Alumni of the Masters in Educational Assessment, Lorena Garelli and Kevin Mason presenting their dissertation research.
Trinity’s School of Education and the Educational Research Centre, Drumcondra, hosted AEA-Europe’s Annual Conference on 9-12 November in Dublin, Ireland.
Over 350 attendees from 37 countries reflected on the conference’s theme – “New Visions for Assessment in Uncertain Times.” This diverse range of attendees included over 15 folks affiliated with OUCEA. Throughout the conference, attendees explored possible directions for assessment policy and practice in schools, higher education, and vocational/workplace settings over the coming years. Much of the reflection centered on the instability of the recent past – the pandemic, war in Ukraine, and economic challenges globally have created a sense of uncertainty in all spheres of life. As a result, attendees took stock and reimagined assessment in a world where the certainties of the past decades have given way to a more uncertain environment.
Keynote speeches addressed such diverse topics as “Assessing learning in schools – Reflections on lessons and challenges in the Irish context,” “Assessment research: listening to students, looking at consequences,” and “Assessment research: listening to students, looking at consequences.”
In addition to the keynotes, the conference hosted panel and poster presentation opportunities. Many members and associates of the OUCEA shared their research. For example:
Honorary Norham Fellow
- Lena Gray – presented on assessment, policymakers, and communicative spaces – striving for impact at the research–policy interface
Honorary Research Associate
- Yasmine El Masri – an OUCEA Research Associate – presented on Evaluating sources of differential item functioning in high-stakes assessments in England
- Samantha-Kaye Johnston – an OUCEA Research Officer – presented on Assessing creativity among primary school children through the snapshot method – an innovative approach in times of uncertainty.
Current doctoral students
- Louise Badham – a current D.Phil Student – presented on Exploring standards across assessments in different languages using comparative judgment.
- Zhanxin Hao – presented on The effects of using testing and restudy as test preparation strategies on educational tests
- Jane Ho – presented on Validation of large-scale high-stakes tests for college admissions decisions
MSc in Educational Assessment graduates and students
- Kevin Mason – presented on Assessment of Art and Design Courses using Comparative Judgment in Mexico and England
- Lorena Garelli – presented on Assessment of Art and Design Courses using Comparative Judgment in Mexico and England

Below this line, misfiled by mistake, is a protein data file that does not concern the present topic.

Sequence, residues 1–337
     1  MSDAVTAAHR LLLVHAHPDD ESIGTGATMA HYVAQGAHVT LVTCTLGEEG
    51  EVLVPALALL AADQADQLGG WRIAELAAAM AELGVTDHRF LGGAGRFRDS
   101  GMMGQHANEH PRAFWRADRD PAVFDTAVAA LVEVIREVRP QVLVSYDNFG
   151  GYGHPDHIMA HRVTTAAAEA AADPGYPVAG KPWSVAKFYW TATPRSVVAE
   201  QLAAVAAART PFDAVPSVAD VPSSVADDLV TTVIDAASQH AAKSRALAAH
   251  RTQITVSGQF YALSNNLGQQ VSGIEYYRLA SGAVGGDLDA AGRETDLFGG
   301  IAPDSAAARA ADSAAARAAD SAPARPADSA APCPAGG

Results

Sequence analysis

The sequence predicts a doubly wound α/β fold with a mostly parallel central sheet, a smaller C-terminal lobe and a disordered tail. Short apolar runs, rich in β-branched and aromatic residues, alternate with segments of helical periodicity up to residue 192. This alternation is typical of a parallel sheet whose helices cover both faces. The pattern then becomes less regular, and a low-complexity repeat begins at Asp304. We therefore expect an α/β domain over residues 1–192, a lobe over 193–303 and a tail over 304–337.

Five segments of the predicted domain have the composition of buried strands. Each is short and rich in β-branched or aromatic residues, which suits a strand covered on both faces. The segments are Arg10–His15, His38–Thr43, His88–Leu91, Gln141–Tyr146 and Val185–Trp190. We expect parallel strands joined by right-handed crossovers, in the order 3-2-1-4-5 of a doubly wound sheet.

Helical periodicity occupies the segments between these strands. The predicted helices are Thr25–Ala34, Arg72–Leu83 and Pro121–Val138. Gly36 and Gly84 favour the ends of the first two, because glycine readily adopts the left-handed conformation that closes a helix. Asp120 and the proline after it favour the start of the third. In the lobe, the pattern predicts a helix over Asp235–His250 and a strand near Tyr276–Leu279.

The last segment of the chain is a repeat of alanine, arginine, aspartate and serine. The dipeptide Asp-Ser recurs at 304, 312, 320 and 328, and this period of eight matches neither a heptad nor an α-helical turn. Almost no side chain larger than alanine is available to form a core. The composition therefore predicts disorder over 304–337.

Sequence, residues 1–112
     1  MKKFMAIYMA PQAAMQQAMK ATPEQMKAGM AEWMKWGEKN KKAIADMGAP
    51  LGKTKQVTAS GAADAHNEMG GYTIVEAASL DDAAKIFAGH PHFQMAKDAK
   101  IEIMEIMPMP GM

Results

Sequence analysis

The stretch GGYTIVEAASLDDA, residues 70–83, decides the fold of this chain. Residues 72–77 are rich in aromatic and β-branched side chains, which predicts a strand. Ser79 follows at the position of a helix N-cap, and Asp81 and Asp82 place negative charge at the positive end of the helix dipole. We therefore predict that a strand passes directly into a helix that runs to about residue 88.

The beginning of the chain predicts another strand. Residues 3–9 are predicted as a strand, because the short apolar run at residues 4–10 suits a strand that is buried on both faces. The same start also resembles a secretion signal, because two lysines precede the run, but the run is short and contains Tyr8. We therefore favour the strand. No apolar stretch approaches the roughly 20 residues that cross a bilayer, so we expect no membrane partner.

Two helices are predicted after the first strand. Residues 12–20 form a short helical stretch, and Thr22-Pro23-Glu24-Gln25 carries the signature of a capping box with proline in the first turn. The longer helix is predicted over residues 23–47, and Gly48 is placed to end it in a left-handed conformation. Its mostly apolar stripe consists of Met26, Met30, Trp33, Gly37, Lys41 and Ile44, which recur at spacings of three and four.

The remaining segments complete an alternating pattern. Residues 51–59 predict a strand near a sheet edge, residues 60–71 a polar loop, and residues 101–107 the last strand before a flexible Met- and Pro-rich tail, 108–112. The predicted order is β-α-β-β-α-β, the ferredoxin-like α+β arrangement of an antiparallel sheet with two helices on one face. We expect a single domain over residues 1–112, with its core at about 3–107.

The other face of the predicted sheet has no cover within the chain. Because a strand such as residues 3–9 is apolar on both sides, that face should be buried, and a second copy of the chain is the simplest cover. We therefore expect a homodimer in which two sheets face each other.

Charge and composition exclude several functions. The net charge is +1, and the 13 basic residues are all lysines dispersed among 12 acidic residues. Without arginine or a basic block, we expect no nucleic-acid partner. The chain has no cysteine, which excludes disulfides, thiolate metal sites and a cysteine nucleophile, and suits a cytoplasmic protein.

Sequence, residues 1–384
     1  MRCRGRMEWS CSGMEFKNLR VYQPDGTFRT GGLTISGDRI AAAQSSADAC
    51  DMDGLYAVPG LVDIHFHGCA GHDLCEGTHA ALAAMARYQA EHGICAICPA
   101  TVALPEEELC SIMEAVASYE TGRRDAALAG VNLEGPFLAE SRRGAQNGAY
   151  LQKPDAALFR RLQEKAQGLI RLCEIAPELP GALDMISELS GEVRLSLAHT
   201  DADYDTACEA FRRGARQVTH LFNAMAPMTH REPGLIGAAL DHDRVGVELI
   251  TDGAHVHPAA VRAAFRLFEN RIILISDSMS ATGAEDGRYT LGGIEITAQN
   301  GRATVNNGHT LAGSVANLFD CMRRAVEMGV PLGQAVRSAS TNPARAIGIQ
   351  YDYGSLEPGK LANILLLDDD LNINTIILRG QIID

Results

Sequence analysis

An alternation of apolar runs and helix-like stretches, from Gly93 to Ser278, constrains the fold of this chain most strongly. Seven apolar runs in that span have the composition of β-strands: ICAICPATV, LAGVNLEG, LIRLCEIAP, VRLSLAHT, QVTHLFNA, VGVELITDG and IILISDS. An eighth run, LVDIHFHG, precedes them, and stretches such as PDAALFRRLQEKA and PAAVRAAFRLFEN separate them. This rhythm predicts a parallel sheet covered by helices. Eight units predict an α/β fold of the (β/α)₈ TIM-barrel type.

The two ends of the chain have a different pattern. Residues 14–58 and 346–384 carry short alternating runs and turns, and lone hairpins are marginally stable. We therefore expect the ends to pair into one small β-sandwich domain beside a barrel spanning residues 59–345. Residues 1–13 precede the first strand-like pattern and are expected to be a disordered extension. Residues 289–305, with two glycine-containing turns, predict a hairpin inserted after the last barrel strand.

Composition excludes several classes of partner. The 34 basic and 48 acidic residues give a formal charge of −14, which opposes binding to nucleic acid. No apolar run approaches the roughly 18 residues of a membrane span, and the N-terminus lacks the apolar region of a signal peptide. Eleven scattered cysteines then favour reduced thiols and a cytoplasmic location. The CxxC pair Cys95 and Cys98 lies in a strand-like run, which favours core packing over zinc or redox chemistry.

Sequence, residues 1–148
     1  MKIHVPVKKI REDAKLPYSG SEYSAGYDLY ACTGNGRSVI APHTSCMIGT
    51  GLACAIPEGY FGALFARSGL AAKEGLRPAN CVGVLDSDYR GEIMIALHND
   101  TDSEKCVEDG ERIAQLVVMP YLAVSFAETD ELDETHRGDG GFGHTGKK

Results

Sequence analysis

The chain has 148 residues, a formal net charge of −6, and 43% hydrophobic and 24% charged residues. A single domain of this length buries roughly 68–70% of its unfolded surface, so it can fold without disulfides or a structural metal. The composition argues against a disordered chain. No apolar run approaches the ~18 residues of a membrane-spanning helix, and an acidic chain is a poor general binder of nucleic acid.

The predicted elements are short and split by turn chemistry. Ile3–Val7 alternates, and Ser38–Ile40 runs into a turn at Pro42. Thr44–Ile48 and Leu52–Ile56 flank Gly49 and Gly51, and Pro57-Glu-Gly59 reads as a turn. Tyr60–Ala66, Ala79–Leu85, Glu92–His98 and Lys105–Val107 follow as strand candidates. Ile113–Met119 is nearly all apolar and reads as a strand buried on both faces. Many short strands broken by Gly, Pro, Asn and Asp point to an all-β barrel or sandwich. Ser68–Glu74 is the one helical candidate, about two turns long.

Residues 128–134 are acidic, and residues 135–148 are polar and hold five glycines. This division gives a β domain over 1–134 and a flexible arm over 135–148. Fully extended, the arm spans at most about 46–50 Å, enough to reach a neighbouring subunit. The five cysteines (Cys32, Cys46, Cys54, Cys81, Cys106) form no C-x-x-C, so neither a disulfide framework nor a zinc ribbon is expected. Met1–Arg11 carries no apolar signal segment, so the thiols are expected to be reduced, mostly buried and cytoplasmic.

- Joanne Malone – presented on Irish primary school teachers’ mindset and approaches to classroom assessment
- Merlin Walters – presented on The comparability of grading standards in technical qualifications in England: how can we facilitate it in a post-pandemic world?
As you can see from the wide-ranging topics covered, OUCEA is engaging in wide-ranging research. The team looks forward to presenting more of our work at AEA-Europe’s 2023 conference in Malta.
Louise is a part-time DPhil Education student whose research focuses on issues of fairness and comparability in international summative assessments. She has worked in international educational assessment for over 14 years, and currently works in Assessment Research & Design at the International Baccalaureate (IB).
Crises, failures and storms in teacups. What can be done?
The problematic awarding of GCSEs and A levels during the pandemic has caused government to reflect on the resilience of England’s qualification system. Indeed, crises and failures of one kind or another are a recurrent feature. This Ofqual-funded project spans the whole of the qualification market, including many thousands of vocational and technical qualifications. It looks to the resilience literature from other complex systems to devise a definition of qualification system resilience. It investigates resilience and threats to resilience through: desk-based analysis of published evidence (including how other qualification systems in other countries responded to the pandemic); an analysis of previous examination crises and failures spanning decades; and interviews with over twenty senior industry insiders and commentators. It makes a series of policy recommendations for Ofqual and wider government but also questions the usefulness of the concept of resilience.
This invited symposium, which took place at St Anne’s College, Oxford on 26th March 2015, was hosted by Professor Jo-Anne Baird, Director, OUCEA and Glenys Stacey, Chief Regulator, Ofqual.